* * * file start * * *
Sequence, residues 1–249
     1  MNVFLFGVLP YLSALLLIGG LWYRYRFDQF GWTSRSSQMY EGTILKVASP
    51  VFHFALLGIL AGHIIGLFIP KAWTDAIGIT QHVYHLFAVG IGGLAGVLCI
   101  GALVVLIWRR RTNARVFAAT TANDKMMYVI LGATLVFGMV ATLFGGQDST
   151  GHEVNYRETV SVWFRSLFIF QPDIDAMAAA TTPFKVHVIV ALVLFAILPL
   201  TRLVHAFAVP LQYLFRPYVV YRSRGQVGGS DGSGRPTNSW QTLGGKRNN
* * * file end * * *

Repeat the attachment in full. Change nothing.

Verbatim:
Sequence, residues 1–249
     1  MNVFLFGVLP YLSALLLIGG LWYRYRFDQF GWTSRSSQMY EGTILKVASP
    51  VFHFALLGIL AGHIIGLFIP KAWTDAIGIT QHVYHLFAVG IGGLAGVLCI
   101  GALVVLIWRR RTNARVFAAT TANDKMMYVI LGATLVFGMV ATLFGGQDST
   151  GHEVNYRETV SVWFRSLFIF QPDIDAMAAA TTPFKVHVIV ALVLFAILPL
   201  TRLVHAFAVP LQYLFRPYVV YRSRGQVGGS DGSGRPTNSW QTLGGKRNN